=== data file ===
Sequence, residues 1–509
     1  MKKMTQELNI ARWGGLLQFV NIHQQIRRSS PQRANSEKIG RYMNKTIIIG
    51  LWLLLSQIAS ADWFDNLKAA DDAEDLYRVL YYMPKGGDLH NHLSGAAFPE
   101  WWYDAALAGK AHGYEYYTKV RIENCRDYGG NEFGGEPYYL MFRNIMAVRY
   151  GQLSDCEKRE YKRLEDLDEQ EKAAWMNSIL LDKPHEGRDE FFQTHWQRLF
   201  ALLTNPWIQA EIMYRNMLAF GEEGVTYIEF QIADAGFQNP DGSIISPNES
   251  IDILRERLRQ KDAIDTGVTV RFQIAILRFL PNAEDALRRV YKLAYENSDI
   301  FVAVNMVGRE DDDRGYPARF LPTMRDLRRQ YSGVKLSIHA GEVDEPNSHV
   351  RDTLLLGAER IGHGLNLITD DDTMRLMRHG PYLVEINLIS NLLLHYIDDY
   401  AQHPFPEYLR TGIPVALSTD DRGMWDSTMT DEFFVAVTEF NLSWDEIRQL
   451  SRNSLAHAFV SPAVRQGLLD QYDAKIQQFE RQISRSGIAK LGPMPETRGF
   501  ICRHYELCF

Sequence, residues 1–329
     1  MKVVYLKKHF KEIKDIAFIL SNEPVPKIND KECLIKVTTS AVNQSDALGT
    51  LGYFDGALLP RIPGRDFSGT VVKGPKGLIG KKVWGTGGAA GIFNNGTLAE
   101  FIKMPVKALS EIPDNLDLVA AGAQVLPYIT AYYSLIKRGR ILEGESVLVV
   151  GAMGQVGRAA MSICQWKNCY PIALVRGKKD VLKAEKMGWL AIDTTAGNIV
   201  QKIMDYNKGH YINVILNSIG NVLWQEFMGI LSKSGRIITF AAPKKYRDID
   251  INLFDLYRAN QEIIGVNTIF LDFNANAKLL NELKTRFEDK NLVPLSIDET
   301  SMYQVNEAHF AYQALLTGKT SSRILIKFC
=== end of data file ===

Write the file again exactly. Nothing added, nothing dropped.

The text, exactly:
Sequence, residues 1–509
     1  MKKMTQELNI ARWGGLLQFV NIHQQIRRSS PQRANSEKIG RYMNKTIIIG
    51  LWLLLSQIAS ADWFDNLKAA DDAEDLYRVL YYMPKGGDLH NHLSGAAFPE
   101  WWYDAALAGK AHGYEYYTKV RIENCRDYGG NEFGGEPYYL MFRNIMAVRY
   151  GQLSDCEKRE YKRLEDLDEQ EKAAWMNSIL LDKPHEGRDE FFQTHWQRLF
   201  ALLTNPWIQA EIMYRNMLAF GEEGVTYIEF QIADAGFQNP DGSIISPNES
   251  IDILRERLRQ KDAIDTGVTV RFQIAILRFL PNAEDALRRV YKLAYENSDI
   301  FVAVNMVGRE DDDRGYPARF LPTMRDLRRQ YSGVKLSIHA GEVDEPNSHV
   351  RDTLLLGAER IGHGLNLITD DDTMRLMRHG PYLVEINLIS NLLLHYIDDY
   401  AQHPFPEYLR TGIPVALSTD DRGMWDSTMT DEFFVAVTEF NLSWDEIRQL
   451  SRNSLAHAFV SPAVRQGLLD QYDAKIQQFE RQISRSGIAK LGPMPETRGF
   501  ICRHYELCF

Sequence, residues 1–329
     1  MKVVYLKKHF KEIKDIAFIL SNEPVPKIND KECLIKVTTS AVNQSDALGT
    51  LGYFDGALLP RIPGRDFSGT VVKGPKGLIG KKVWGTGGAA GIFNNGTLAE
   101  FIKMPVKALS EIPDNLDLVA AGAQVLPYIT AYYSLIKRGR ILEGESVLVV
   151  GAMGQVGRAA MSICQWKNCY PIALVRGKKD VLKAEKMGWL AIDTTAGNIV
   201  QKIMDYNKGH YINVILNSIG NVLWQEFMGI LSKSGRIITF AAPKKYRDID
   251  INLFDLYRAN QEIIGVNTIF LDFNANAKLL NELKTRFEDK NLVPLSIDET
   301  SMYQVNEAHF AYQALLTGKT SSRILIKFC